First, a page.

All U.S. states have some version of a data breach notification law. Many industries that are regulated by the federal government, like health care and financial services, may have additional data breach notification requirements mandated by federal law. Policyholders that do business with residents of the European Union may also have notification obligations under the General Data Protection Regulation’s (GDPR) data breach notification requirements.
Several states permit substitute notification of a data breach to be made via the media (as opposed to individually notifying every person) in situations where the data breach has impacted a large number of that state’s residents. This substitute notification is separate and apart from the potential media inquiries that a business may face as a result of a data breach. Thus, it is generally advisable that a business be prepared to respond to such inquiries by retaining a public relations firm to coordinate external communications.
Regulatory Reporting and Investigation
In addition to notifying impacted individuals, many state data breach laws require policyholders to notify a government agency of the incident. For example, most state laws require companies to notify that state’s attorney general about the incident.
While there is no universal federal data breach notification statute, certain federal laws also require notification to a government agency if sensitive information was compromised. For example, under federal HIPAA laws, health care companies are required to notify the U.S. Department of Health and Human Services’ Office of Civil Rights.
After notification, these government agencies will often initiate civil investigations of the incident itself and the policyholder more generally. The breach counsel works with the policyholder to respond to the government and reach a resolution to the investigation. Sometimes, this resolution results in fines and penalties or an order from the government instructing the policyholder to do something—or not do something—relating to cybersecurity and privacy.
Payment Card Industry
For incidents involving retail merchants, claims professionals may have to deal with losses stemming from a PCI investigation, which is very similar to the government investigations described previously. However, this investigation is presided over by a group of representatives from the payment card industry and involves a separate forensic investigation of the policyholder by a PCI-authorized quality security assessor who reports directly to the PCI.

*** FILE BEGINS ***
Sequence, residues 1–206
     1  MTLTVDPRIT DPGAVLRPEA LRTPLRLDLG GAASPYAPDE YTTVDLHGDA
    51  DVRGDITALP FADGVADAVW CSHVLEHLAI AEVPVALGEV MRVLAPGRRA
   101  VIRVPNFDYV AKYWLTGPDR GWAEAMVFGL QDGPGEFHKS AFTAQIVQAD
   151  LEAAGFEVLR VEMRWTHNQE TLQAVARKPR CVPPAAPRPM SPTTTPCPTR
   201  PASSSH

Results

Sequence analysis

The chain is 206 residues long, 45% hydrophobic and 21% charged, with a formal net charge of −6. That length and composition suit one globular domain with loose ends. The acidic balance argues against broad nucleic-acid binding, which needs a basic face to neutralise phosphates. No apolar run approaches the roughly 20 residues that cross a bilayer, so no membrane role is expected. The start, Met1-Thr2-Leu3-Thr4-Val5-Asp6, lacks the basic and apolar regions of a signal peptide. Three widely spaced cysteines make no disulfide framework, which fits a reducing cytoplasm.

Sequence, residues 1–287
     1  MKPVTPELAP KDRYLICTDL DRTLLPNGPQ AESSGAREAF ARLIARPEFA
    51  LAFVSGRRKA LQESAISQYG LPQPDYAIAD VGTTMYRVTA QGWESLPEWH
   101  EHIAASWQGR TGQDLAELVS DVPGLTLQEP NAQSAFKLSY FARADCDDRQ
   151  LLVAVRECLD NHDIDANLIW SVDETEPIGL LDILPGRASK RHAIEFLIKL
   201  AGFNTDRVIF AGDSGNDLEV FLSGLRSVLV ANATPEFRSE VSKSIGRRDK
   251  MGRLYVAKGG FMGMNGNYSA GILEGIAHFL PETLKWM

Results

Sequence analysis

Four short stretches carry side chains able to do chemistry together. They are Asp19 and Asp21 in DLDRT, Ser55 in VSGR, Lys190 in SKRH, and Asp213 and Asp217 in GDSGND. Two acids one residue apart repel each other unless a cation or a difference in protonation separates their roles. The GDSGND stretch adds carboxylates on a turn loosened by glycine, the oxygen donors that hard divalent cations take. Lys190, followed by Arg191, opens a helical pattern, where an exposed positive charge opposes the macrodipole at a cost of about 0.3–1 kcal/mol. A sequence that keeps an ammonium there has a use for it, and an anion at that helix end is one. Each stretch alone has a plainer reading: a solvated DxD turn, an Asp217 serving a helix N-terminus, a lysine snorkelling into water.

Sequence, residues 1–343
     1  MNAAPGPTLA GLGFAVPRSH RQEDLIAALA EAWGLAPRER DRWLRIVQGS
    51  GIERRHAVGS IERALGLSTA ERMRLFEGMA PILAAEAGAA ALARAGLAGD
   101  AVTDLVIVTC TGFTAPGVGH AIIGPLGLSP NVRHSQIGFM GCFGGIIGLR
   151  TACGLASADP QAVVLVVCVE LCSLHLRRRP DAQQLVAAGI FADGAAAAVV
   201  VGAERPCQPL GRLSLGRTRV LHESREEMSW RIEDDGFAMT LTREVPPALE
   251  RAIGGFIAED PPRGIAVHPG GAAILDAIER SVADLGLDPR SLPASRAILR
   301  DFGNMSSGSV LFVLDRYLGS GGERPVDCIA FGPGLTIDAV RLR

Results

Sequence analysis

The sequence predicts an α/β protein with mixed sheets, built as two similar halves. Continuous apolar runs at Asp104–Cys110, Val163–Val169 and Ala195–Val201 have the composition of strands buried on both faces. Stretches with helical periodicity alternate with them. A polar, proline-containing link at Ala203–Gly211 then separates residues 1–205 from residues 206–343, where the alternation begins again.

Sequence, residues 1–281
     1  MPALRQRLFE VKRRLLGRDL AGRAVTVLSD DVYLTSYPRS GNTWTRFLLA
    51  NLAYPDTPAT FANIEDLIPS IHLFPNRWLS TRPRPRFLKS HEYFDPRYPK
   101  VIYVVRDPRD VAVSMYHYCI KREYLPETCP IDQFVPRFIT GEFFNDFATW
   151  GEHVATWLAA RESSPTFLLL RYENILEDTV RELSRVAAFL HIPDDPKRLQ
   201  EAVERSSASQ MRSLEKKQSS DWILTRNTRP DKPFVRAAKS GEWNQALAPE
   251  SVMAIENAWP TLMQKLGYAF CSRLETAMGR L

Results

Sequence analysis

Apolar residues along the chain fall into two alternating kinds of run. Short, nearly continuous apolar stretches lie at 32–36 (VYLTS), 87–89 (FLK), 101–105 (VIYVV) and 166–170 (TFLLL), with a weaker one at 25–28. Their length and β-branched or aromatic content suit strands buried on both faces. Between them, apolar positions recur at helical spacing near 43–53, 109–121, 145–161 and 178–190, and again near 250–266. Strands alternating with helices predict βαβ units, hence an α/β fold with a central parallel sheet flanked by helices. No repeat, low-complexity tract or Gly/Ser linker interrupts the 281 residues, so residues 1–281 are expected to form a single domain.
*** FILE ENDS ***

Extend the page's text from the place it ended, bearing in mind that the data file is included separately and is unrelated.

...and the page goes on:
This security assessor has no obligation to the policyholder. Breach counsel will work with the policyholder (and often a payment card processor) to advocate during the PCI investigation process, which often also results in a separate set of fines, penalties, and assessments.
Finally, after all of the above has been performed, the first third-party claim will be made either by one of the individuals notified about the incident, or by another impacted organization alleging damages were suffered and proximately caused by the incident. Given that most cyber insurance policies contain both first- and third-party insuring agreements, it is at this time when the cyber claims professional returns to his traditional third-party claims-handling role.
These third-party lawsuits allege many different theories of liability, including negligence, breach of contract, or a violation of a statute, and often require attorneys with specific skill sets to appropriately defend. The claims professional must evaluate these liability issues early on in order to make appropriate decisions for the balance of the claims-handling process.
Other Best Practices
It is important to note that cyber insurance policies vary from carrier to carrier, and with manuscript policies, can even differ among two different policyholders that have the same carrier. The policyholder should always refer back to its specific policy to determine what is covered.
In the case of ransomware occurrences, data exfiltration is not always an issue, so there may not be any legal obligations on the part of the policyholder. The claims professional’s objective in these cases is to handle the matter like an emergent first-party claim, bringing to bear the appropriate resources to assist with expeditiously getting the policyholder’s data back to its original pre-attack condition (if possible). For the same attorney/client privilege-related reasons outlined earlier, use of breach counsel for ransomware occurrences is still the best practice.
A cyber claims professional should also be cognizant of the potential interaction with other insurance policies that a policyholder may have, and how such coverages may impact the claim at hand.
As cyberthreats continue to evolve and become more damaging, policyholders expect cyber insurers to have sophisticated claims operations that follow best practices when handling cyber claims. Accordingly, cyber insurance should be considered a key piece of a policyholder’s incident response plan, and the expertise of the cyber claims professional is an important resource that should not be overlooked.